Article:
Most of us work for "type B" companies, and they'll roll out a new OS after SP1 has been deployed by the "type A" companies - these are the companies that will deploy Win8 after has been out for 2-4 years.

Some unfortunate souls work for "type C" companies, and they'll roll out Win8 when Win7 loses support (so around 2018?). I used to work for a "type C" company, and that's a hard place to find yourself as a developer. Yet those companies do exist even today.

What does this all mean? It means that for a typical corporate or business developer, we have around 4 years from today before we're building WinRT apps.

The logical question to ask then (and you really should ask this question), is what do we do for the next 4 years??? How do we build software between now and when we get to use Metro/WinRT?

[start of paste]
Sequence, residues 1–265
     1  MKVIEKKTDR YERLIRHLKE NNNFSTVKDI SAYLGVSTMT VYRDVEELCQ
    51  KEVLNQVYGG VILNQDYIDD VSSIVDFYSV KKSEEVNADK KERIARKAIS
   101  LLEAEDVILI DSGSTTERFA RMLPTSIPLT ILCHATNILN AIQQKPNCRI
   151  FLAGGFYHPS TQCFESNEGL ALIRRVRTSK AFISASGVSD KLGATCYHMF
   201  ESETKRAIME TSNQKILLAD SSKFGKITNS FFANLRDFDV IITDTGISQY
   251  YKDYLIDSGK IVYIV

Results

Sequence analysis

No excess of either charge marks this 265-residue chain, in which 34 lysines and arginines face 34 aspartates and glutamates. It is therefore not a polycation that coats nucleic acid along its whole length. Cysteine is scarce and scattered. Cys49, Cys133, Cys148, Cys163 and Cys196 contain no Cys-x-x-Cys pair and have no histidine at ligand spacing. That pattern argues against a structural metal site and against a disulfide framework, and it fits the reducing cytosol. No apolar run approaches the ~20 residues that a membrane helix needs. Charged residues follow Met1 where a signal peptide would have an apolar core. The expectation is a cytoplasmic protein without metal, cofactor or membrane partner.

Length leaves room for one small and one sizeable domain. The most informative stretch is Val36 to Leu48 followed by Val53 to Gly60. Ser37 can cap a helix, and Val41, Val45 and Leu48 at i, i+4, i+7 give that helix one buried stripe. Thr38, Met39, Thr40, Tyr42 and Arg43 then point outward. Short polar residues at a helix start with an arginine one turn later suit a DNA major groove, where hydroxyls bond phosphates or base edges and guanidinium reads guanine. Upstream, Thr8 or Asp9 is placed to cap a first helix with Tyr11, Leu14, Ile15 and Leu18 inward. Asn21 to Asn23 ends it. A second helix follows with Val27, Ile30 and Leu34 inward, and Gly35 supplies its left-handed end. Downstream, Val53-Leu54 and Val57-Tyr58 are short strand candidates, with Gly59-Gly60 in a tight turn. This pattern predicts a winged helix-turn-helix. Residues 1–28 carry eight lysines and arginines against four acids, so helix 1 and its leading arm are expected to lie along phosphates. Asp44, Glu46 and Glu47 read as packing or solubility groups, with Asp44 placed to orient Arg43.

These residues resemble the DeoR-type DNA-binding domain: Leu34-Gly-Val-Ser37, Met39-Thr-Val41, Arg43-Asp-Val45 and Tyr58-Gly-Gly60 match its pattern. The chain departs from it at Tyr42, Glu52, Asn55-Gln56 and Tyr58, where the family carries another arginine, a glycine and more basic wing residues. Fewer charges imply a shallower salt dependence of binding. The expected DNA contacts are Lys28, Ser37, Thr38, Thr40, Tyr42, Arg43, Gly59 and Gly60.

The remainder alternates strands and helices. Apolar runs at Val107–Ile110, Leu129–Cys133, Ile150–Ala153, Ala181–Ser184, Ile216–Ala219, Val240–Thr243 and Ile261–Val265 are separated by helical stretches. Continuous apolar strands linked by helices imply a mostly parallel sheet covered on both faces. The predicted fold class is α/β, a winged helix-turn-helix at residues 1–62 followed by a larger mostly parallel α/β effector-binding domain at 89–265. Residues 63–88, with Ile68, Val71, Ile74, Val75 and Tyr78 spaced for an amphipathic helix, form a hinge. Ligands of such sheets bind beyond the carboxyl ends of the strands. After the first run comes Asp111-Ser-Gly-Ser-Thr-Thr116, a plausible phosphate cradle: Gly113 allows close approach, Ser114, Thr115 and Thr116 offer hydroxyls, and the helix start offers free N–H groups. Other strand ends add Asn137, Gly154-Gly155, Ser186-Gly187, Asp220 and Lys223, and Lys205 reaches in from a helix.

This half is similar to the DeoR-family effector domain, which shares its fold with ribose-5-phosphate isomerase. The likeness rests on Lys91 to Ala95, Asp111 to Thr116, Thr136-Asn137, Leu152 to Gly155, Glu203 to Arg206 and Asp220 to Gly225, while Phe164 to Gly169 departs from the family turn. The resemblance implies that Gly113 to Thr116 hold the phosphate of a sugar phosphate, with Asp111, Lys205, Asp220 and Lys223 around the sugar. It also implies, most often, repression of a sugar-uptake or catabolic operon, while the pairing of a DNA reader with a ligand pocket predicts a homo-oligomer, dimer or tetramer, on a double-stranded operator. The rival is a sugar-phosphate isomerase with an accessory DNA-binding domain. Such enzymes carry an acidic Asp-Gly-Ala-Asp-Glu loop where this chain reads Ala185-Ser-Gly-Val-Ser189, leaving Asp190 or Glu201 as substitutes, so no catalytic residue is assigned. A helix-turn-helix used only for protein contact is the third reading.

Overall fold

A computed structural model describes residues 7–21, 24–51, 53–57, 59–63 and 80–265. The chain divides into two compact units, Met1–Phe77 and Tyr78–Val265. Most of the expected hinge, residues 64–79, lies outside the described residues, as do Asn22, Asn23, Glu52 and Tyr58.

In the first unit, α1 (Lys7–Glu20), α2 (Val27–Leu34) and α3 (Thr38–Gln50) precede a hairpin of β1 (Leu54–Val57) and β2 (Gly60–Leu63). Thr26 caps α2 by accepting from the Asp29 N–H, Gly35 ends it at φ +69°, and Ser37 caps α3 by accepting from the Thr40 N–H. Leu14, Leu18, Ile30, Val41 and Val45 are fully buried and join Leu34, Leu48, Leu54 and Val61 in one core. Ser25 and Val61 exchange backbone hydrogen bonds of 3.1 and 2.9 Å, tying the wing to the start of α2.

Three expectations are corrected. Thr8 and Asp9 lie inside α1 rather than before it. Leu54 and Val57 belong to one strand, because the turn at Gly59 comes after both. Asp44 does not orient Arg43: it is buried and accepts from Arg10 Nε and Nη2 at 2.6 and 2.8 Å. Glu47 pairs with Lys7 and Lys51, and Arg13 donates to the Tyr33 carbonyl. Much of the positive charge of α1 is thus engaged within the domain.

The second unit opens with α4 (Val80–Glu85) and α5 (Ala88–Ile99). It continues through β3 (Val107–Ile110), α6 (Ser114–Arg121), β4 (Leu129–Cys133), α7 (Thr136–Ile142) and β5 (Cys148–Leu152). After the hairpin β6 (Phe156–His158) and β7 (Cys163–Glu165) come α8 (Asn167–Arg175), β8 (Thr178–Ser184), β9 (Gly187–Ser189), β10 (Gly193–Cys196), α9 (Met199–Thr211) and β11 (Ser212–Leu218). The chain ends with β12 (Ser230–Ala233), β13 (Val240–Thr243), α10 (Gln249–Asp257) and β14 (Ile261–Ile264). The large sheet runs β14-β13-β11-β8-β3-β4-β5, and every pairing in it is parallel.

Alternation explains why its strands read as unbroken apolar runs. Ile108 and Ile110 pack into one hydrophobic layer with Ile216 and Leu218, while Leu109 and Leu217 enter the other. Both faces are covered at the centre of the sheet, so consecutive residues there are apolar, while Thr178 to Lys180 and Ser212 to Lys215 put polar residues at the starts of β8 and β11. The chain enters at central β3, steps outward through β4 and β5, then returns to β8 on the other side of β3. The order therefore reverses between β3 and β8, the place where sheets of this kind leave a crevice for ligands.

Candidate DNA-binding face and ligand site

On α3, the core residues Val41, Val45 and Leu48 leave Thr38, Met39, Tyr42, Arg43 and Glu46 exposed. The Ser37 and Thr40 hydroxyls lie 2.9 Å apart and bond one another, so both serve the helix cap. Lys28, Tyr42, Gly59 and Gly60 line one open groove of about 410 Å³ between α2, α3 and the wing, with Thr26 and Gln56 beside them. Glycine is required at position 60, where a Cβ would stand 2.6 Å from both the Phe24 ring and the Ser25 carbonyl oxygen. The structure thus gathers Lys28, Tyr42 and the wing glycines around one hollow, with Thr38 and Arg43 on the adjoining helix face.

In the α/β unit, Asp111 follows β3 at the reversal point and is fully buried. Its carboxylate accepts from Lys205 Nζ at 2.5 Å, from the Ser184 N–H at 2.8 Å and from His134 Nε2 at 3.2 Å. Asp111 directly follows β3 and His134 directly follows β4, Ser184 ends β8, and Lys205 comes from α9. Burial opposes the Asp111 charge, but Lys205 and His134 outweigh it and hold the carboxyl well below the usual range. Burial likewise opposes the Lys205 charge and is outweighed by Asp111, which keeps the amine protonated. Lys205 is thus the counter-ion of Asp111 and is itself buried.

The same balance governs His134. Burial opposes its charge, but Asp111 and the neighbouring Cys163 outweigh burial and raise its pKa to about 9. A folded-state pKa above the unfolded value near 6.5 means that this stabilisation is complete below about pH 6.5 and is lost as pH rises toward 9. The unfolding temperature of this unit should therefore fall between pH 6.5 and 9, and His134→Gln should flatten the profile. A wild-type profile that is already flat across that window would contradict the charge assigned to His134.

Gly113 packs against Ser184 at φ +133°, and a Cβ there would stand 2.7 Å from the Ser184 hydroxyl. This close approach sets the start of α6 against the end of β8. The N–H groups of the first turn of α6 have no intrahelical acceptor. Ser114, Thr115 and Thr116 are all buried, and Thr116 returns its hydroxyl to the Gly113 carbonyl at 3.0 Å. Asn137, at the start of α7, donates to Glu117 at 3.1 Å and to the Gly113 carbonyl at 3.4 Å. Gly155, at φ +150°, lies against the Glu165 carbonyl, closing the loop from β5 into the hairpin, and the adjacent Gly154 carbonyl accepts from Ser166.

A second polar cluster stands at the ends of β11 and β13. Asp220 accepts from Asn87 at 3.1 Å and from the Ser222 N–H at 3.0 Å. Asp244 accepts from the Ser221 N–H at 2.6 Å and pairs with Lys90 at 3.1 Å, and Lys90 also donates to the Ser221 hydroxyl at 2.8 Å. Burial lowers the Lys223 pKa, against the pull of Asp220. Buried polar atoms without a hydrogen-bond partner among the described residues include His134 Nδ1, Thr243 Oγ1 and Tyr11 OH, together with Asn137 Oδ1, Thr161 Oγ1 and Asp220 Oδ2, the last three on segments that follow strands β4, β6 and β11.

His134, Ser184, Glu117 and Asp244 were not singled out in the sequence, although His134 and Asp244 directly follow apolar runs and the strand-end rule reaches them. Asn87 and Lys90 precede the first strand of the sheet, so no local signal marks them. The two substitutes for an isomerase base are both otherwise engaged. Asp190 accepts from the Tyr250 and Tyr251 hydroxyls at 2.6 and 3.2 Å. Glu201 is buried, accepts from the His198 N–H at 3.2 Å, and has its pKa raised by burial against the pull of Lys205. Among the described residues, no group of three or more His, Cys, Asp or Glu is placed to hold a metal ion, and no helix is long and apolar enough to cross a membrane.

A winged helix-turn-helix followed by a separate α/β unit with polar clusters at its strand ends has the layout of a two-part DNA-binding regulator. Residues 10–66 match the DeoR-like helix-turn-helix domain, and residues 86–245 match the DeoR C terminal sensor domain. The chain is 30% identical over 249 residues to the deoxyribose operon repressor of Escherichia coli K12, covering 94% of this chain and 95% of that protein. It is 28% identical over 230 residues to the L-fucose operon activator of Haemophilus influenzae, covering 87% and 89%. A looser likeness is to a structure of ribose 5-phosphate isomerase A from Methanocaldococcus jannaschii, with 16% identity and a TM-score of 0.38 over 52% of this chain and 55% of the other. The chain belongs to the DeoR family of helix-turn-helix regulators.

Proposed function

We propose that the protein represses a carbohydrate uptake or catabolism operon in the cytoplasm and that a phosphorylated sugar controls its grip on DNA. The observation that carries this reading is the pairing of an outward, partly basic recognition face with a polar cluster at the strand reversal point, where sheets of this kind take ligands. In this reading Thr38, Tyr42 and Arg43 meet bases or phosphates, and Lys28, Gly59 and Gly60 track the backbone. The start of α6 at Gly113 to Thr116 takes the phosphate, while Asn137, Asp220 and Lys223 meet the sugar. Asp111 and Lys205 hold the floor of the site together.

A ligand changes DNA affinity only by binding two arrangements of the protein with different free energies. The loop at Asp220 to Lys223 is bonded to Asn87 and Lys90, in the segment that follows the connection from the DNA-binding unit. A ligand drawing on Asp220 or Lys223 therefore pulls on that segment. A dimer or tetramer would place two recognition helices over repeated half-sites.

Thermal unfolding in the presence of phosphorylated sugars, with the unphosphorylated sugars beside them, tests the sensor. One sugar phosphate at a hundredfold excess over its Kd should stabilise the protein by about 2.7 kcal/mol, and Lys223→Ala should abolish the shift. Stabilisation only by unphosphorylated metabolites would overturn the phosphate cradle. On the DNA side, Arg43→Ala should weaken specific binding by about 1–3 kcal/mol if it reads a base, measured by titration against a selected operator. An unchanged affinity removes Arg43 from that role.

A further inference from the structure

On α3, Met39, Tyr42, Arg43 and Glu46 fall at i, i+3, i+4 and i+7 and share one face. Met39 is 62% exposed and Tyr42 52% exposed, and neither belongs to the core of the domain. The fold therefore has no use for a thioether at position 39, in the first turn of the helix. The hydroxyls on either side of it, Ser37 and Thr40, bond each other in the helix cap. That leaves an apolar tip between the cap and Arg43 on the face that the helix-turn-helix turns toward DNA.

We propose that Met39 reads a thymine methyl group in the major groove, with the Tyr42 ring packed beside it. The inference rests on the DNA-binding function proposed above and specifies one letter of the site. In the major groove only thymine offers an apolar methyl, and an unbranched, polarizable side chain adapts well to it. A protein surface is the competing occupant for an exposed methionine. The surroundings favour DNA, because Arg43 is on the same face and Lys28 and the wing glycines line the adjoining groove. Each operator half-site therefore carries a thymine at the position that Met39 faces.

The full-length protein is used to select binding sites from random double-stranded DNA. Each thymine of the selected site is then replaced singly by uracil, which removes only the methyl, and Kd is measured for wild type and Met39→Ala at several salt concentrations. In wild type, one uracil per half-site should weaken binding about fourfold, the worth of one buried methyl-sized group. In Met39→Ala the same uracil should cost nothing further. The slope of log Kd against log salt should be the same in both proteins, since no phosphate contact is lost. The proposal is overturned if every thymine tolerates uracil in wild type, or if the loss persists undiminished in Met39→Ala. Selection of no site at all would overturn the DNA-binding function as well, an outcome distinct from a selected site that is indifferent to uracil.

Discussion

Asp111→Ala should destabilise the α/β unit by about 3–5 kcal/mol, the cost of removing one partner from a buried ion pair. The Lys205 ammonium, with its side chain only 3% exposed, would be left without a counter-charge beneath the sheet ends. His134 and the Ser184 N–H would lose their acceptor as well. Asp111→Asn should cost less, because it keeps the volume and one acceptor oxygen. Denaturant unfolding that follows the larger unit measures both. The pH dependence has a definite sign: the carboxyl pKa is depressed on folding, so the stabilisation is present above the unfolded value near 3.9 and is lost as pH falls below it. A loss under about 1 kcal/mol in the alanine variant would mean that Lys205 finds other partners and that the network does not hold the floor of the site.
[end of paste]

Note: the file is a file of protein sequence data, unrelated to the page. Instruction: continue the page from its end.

Obviously the concern is that if you build an app starting today, how do you protect that investment so you don't have to completely rewrite the app in 4 years?

I don't yet know the solid answer. We just don't have enough deep information yet. That'll change though, because we now have access to early Win8 builds and early tooling.

What I suspect is that the best way to mitigate risk will be to build apps today using Silverlight and the Silverlight navigation model (because that's also the model used in WinRT).

The BCL features available to a Silverlight app are closer to WinRT than full .NET is today, so the odds of using BCL features that won't be available to a Metro app is reduced.

Also, thinking through the user experience and user workflow from a Silverlight navigation perspective will get your overall application experience closer to what you'd do in a Metro style app - at least when compared to any workflow you'd have in Windows Forms. Certainly you can use WPF and also create a Silverlight-style navigation model, and that'd also be good.

Clearly any app that uses multiple windows or modal dialogs (or really any dialogs) will not migrate to Metro without some major rework.